Today interested readers, or aspiring amateur scholars, have far more help available, most of it at their Internet-enabled fingertips. There are full undergraduate courses online, complete with lectures, free from the likes of Harvard and MIT. There are excellent and accessible lecture courses geared explicitly to the general public from sources such as The Teaching Company, for a low cost or for free from a public library. There are half a dozen allegedly “educational” television networks, even if ones such as The History Channel have increasingly shifted to routine entertainment programming. And of course there are an infinity of websites offering introductions to every subject under the sun. Caveat lector, yes—but what an embarrassment of riches.

 

I took the title for this post from librarian Kate Adler, who pointed out that Bell’s argument rests on the idea that even if somehow all books disappear as physical objects, there would still be a need for a meeting space of the type that only libraries provide. I think the entire thing is worth reading and considering.

Anyway, I’m heading to Vermont for two weeks, where the internet is rather more spotty than in NYC. As a result, no posts next week apart from Twitter and Facebook tidbits. Back on the 14th.

 

University of Minnesota Pays Professors to Use Open-Source Textbooks

The University of Minnesota wants to save money for their students by making open-source textbooks available to the student body by way of its Open Access textbook catalog. As textbooks are obscenely overpriced already, this is a good thing.

The university however, is also willing to pay its faculty to "review and adopt" the new open access books:

“High textbook costs are one of the many factors that are contributing to the increasing financial burden that students are facing,” said Lizzy Shay, U of M undergraduate student body president. “Affordable open textbooks would go a long way in relieving that burden.”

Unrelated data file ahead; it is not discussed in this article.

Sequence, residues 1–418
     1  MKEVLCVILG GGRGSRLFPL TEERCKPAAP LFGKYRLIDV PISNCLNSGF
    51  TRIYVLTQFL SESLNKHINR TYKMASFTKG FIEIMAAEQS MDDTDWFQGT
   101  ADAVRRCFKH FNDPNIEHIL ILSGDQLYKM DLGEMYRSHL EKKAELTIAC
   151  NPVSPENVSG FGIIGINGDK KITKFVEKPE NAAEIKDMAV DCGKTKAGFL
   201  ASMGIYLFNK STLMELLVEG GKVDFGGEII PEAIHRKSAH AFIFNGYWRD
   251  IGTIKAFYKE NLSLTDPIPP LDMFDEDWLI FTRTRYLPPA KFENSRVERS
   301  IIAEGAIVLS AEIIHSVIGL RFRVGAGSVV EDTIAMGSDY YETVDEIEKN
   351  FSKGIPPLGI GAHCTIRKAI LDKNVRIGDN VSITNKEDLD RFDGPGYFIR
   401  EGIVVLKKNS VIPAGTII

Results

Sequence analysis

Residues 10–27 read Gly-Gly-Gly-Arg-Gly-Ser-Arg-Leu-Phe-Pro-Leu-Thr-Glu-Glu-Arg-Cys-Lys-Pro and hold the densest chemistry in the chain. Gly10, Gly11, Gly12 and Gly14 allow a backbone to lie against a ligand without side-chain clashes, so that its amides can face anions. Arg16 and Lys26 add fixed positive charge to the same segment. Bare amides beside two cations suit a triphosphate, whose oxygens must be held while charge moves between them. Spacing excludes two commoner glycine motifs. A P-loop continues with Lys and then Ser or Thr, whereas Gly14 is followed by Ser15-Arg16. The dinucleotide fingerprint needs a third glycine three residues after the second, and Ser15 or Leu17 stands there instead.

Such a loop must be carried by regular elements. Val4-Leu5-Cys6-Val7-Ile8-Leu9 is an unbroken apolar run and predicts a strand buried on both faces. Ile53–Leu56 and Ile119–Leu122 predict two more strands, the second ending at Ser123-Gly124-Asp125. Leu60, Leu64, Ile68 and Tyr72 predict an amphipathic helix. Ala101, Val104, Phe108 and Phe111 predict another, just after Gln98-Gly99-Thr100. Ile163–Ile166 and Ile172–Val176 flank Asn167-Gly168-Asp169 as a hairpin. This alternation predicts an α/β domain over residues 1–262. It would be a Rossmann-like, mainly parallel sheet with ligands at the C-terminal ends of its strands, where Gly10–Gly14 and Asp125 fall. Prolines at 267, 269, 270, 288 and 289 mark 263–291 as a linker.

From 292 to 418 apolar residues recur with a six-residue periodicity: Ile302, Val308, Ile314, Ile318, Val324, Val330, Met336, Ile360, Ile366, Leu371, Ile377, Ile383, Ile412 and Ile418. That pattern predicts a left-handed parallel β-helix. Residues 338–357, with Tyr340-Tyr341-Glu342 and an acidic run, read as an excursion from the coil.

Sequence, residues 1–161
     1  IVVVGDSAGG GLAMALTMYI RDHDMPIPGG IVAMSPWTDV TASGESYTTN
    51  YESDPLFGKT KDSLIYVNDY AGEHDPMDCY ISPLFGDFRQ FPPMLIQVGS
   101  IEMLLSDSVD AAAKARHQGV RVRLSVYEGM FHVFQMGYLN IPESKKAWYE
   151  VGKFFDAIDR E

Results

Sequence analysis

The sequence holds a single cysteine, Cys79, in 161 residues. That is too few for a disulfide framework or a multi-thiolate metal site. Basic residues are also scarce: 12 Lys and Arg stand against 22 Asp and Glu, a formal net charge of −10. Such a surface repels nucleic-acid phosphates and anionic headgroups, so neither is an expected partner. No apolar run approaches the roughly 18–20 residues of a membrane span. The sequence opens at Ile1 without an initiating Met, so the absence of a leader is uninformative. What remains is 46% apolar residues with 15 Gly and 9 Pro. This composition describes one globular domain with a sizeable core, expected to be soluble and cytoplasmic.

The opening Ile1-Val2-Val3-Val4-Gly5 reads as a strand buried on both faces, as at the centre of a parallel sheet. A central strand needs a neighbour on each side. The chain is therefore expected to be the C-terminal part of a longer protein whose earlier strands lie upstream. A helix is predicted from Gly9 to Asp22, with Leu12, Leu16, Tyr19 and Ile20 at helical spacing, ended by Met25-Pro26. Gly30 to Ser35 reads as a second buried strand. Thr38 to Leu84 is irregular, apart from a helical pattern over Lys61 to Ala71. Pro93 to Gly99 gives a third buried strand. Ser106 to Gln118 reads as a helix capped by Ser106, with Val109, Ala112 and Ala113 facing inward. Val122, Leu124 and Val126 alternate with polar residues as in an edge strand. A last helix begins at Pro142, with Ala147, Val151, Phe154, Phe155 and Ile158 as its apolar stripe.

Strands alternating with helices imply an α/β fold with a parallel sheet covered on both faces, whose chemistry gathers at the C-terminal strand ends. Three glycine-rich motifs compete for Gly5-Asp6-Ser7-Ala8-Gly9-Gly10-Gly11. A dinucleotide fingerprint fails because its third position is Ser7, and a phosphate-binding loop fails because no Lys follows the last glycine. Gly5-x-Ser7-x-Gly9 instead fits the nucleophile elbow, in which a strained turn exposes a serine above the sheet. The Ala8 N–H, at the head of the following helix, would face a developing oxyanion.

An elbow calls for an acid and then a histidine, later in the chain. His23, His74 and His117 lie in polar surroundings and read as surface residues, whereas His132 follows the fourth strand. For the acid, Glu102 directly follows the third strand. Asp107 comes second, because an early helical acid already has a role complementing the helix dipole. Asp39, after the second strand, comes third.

The catalog currently lists 84 open textbooks that are in use in classrooms across the country. Over the next year, CEHD will work with U of M faculty to review the texts in this collection, making it easier for users to judge textbook quality. CEHD will support faculty who choose to review and adopt open textbooks with $500-$1,000 stipends.

I share a problem with all academic librarians, namely, the promise of new technology if only the faculty would embrace it. Not all faculty do for a number of reasons. The younger ones tend to be adjuncts and even if they like the new tech, don't have the pull with the Deans or full-time faculty to advocate for it. The faculty are frequently nervous about any change to the status quo, and many don't even understand how the library works or why we develop technology policies. And the Deans are administrators more often than not. A given technology's promise to them is how much money it can bring into the corporate coffers and how quickly. Obviously, free on-line textbooks don't measure up to that ideal, at least, not yet.

So, in that context, I can see why providing a stipend for the review and use of such things would be warranted. Nothing opens the eyes and loosens the tongue like silver in one's palm. At the same time, I would expect that once the University of Minnesota completes its catalog, it will stop paying out to promote its electronic wares. What happens then?

We shall see.

 

“A Novel About an Electronic Book in an Electronic Format That Pretends to be a Paperback”

Ben Cameron at the Huffington Post has noted an essential difference between print volumes and their electronic versions: rules of process, i.e., how they get used by readers.

In his introduction to the 2009 edition of The Hitchhiker's Guide to the Galaxy, Doctor Who writer Russell T Davies praises the tattered old paperback copy of Douglas Adams' sci-fi classic that he carried around in his back pocket in his school days. I had one too and I loved it just as much.

Davies ends his introduction with, "Maybe ebooks are going to take over one day, but not until those wizzkids in Silicon Valley invent a way to bend the corners, fold the spine, yellow the pages, add a coffee ring or two and allow the plastic tablet to fall open at a favourite page."

In a word, it's the experience incurred in one's use of a thing that defines its substance.  And it gets worse: